23. 23.

    Janet Halley, Split Decisions: How and Why to Take a Break from Feminism (Princeton University Press 2006).

  24. 24.

    Global Network of Sex Work Projects, ‘Impacts of Other Legislation and Policy – The Danger of Seeing the Swedish Model in a Vacuum’ (2015) 4 The Real Impact of the Swedish Model on Sex Workers <https://www.nswp.org/sites/nswp.org/files/4.%20Impacts%20of%20Other%20Legislation%20and%20Policy%20-%20The%20Danger%20of%20Seeing%20the%20Swedish%20Model%20in%20a%20Vacuum%2C%20Swedish%20Model%20Advocacy%20Toolkit%2C%20NSWP%20-%20December%202014.pdf> accessed 1 November 2019.

  25. 25.

    Elizabeth Bernstein, ‘Militarized Humanitarianism Meets Carceral Feminism: The Politics of Sex, Rights, and Freedom in Contemporary Antitrafficking Campaigns’ (2010) 36 (1) Signs: Journal of Women in Culture and Society 45.

  26. 26.

    Aeyal Gross, ‘Homoglobalism: The Emergence of Global Gay Governance” in Dianne Otto (ed), Queering International Law: Possibilities, Alliances, Complicities, Risks (Routledge 2018) 148-170.

  27. 27.

    Nivedita Menon, ‘Sexual Violence and the Law in India’ in Robin West and Cynthia Grant Bowman (eds), Research Handbook on Feminist Jurisprudence (Edward Elgar 2019) 184-212.

  28. 28.

    ibid 206.

  29. 29.

    Janet Halley, Prabha Kotiswaran, Rachel Rebouché and Hila Shamir (eds), Governance Feminism: An Introduction (University of Minnesota Press 2018).

  30. 30.

    Janet Halley, ‘Introducing Governance Feminism’ in Janet Halley, Prabha Kotiswaran, Rachel Rebouché and Hila Shamir (eds), Governance Feminism: An Introduction (University of Minnesota Press 2018) ix.

  31. 31.

    ibid x [emphasis in original].

  32. 32.

    Janet Halley, Prabha Kotiswaran, Rachel Rebouché and Hila Shamir (eds), Governance Feminism: Notes From the Field (University Of Minnesota Press 2019).

  33. 33.

    Pratiksha Baxi, Public Secrets of Law: Rape Trials in India (Oxford University Press 2014).

  34. 34.

    See generally, Prabha Kotiswaran (ed), Revisiting the Law and Governance of Trafficking, Forced Labor and Modern Slavery (Cambridge University Press 2017).

  35. 35.

    See generally, Sally Engle Merry, The Seductions of Quantification: Measuring Human Rights, Gender Violence, and Sex Trafficking (University of Chicago Press 2016).

  36. 36.

    Duncan Kennedy, ‘Form and Substance in Private Law Adjudication’ (1976) 89 Harvard Law Review 1685.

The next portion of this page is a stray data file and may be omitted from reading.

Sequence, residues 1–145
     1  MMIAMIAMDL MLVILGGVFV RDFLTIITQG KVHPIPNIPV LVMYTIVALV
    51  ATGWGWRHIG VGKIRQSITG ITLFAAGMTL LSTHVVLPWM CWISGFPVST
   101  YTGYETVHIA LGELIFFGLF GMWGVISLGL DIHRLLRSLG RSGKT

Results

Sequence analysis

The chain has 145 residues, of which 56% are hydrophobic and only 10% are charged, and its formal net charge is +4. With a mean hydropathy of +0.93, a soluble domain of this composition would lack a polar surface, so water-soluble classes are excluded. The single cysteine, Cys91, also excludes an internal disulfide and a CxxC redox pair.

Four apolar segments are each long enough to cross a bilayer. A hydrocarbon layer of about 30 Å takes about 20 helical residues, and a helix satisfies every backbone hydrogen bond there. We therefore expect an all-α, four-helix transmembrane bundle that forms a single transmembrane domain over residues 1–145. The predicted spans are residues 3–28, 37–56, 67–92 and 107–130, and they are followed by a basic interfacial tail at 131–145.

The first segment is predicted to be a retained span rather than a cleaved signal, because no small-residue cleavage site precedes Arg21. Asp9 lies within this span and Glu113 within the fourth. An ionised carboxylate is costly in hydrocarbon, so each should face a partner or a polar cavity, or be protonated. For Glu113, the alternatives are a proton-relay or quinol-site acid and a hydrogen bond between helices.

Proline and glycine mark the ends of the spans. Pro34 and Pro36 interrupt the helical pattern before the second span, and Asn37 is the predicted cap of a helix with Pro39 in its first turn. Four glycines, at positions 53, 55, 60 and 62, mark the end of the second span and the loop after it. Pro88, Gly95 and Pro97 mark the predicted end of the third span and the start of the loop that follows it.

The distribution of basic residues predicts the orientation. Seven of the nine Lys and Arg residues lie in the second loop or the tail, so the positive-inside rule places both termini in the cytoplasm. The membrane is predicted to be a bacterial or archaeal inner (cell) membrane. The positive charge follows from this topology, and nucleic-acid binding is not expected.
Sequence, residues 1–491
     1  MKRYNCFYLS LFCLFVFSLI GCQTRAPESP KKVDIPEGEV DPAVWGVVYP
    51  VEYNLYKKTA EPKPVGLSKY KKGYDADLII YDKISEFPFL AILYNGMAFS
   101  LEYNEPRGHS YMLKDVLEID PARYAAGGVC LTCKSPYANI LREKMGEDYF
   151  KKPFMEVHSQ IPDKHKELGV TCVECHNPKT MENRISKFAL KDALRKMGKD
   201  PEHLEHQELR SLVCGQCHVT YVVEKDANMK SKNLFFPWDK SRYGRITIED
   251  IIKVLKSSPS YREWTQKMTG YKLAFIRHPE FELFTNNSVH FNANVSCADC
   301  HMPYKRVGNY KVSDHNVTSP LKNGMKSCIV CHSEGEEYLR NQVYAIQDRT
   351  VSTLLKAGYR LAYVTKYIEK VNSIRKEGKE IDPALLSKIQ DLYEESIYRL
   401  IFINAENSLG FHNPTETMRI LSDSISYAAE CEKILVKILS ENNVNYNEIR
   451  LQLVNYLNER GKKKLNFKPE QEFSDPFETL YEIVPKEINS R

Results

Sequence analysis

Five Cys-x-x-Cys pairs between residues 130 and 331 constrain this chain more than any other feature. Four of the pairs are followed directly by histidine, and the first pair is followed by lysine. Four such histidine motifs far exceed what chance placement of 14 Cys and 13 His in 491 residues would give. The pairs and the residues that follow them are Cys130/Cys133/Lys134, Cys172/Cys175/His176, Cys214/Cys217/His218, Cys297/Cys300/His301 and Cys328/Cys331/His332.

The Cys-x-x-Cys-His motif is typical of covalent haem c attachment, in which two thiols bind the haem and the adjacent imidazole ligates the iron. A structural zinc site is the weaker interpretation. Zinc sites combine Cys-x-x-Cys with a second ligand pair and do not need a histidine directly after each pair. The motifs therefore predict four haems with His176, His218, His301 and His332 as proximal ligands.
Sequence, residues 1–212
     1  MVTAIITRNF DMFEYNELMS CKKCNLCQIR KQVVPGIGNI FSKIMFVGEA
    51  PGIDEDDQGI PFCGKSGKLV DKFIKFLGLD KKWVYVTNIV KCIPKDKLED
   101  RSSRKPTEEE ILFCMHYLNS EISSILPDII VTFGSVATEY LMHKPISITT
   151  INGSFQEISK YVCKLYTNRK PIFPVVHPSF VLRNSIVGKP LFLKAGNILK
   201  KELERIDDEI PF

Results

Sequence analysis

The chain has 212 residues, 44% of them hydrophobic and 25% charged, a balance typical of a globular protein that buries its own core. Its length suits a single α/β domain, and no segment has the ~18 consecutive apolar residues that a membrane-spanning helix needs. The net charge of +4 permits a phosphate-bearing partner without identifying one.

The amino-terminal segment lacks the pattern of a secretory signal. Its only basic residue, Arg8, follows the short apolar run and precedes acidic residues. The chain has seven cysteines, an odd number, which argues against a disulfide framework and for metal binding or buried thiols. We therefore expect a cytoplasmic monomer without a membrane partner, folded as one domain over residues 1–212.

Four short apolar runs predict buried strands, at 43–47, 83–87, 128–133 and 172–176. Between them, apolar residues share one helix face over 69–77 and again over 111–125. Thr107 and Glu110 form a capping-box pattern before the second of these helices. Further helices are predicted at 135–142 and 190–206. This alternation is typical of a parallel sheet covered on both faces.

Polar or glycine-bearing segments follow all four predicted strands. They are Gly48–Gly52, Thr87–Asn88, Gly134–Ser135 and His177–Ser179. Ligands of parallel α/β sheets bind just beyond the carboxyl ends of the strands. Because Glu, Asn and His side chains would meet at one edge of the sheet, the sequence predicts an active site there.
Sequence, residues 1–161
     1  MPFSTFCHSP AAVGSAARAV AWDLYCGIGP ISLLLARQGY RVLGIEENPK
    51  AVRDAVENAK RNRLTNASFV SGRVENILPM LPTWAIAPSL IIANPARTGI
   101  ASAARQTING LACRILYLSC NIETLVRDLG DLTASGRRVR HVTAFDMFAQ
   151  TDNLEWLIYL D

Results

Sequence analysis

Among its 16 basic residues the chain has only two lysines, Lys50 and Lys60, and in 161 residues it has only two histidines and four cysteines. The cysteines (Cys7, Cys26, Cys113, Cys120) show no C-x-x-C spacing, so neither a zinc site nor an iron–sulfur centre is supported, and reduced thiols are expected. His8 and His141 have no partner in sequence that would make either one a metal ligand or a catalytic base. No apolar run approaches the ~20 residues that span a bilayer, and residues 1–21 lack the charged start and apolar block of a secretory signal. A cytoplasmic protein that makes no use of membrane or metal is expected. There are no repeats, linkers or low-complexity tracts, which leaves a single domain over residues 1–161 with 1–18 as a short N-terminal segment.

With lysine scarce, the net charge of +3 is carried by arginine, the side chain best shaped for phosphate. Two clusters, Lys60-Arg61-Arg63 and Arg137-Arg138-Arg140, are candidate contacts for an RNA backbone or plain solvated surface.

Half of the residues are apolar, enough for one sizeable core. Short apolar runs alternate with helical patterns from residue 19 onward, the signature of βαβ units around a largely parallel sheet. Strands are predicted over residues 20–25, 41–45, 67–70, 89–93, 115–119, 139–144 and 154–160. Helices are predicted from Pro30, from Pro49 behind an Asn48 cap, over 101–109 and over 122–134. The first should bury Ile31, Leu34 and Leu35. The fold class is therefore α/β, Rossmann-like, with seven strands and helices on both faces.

37. 37.

    See generally, Sehba Imam, ‘Spar, But Don’t Sensationalise’ (The Outlook, 5 April 2018) <https://www.outlookindia.com/magazine/story/spar-but-dont-sensationalise/299995> accessed 1 November 2019; Ajitha Rao and others, ‘Feminist Reflections on the Tragic Suicide of Khurshid Anwar’ (Kafila, 17 February 2014) <https://kafila.online/2014/02/17/feminist-reflections-on-the-tragic-suicide-of-khurshid-anwar/> accessed 1 November 2019.

  38. 38.

    UN General Assembly, Transforming Our World : The 2030 Agenda for Sustainable Development (21 October 2015) A/RES/70/1, Target 5.4 <https://open.undp.org/sdg/targets/5/4> accessed 1 November 2019.

  39. 39.

    Duncan Kennedy, Sexy Dressing Etc. (Harvard University Press 1995).

  40. 40.

    Dipesh Chakrabarty, Provincializing Europe: Postcolonial Thought and Historical Difference (Princeton University Press 2007).

  41. 41.

    PTI, ‘Lok Sabha Passes Wage Code Bill’ (The Wire,30 July 2019) <https://thewire.in/politics/lok-sabha-wage-code-bill-passed> accessed 1 November 2019.

  42. 42.

    Prabha Kotiswaran, ‘India's New Anti-Trafficking Bill is an Empty Gesture’ (The Wire, 5 July 2016) <https://thewire.in/rights/indias-new-anti-trafficking-bill-is-an-empty-gesture> accessed 1 November 2019.

  43. 43.

    The Wire Staff, 'Complete Charade': Activists, Civil Society Groups Condemn Triple Talaq Bill (The Wire, 31 July 2019) <https://thewire.in/communalism/triple-talaq-bill-muslim-women> accessed 1 November 2019.

  44. 44.

    Dhruva Gandhi and Unnati Ghia, ‘Transgender Rights Bill: A Stunted Understanding of Gender and Equality’ (The Wire, 5 August 2019) <https://thewire.in/lgbtqia/transgender-rights-bill-a-stunted-understanding-of-gender-and-equality> accessed 1 November 2019.

  45. 45.

    Nandini Nayak and Reetika Khera, ‘Women Workers and Perceptions of the National Rural Employment Guarantee Act’ (2009) 44(43) Economic & Political Weekly 49.

  46. 46.

    See generally, Jan Breman, Capitalism, Inequality and Labour in India (Cambridge University Press 2019).

  47. 47.

    See generally, Rebecca Roach, Literature and the Rise of the Interview (Oxford University Press 2018).

Acknowledgements

I thank the issue editors, particularly my colleague Albeena Shakil, for responding positively to the idea of carrying an interview. I couldn’t have completed this interview without the excellent research assistance and prompt transcription of the audio recording by my students Ishani Mookerjee and Shivam Kataria. And of course, thanks to Prabha Kotiswaran for agreeing to this conversation.

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Sircar, O. The happy and anxious lives of (feminist) legal scholarship: an interview with Prabha Kotiswaran. Jindal Global Law Review 10, 303–320 (2019). https://doi.org/10.1007/s41020-019-00102-4

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Keywords

  • Feminist Legal Theory
  • South Asian feminisms
  • Women’s Studies
  • Legal Education
  • Academic Labor
  • Sex Work
  • Trafficking
  • Governance Feminism
  • Materialist Feminism
  • Social Reproduction
  • Interview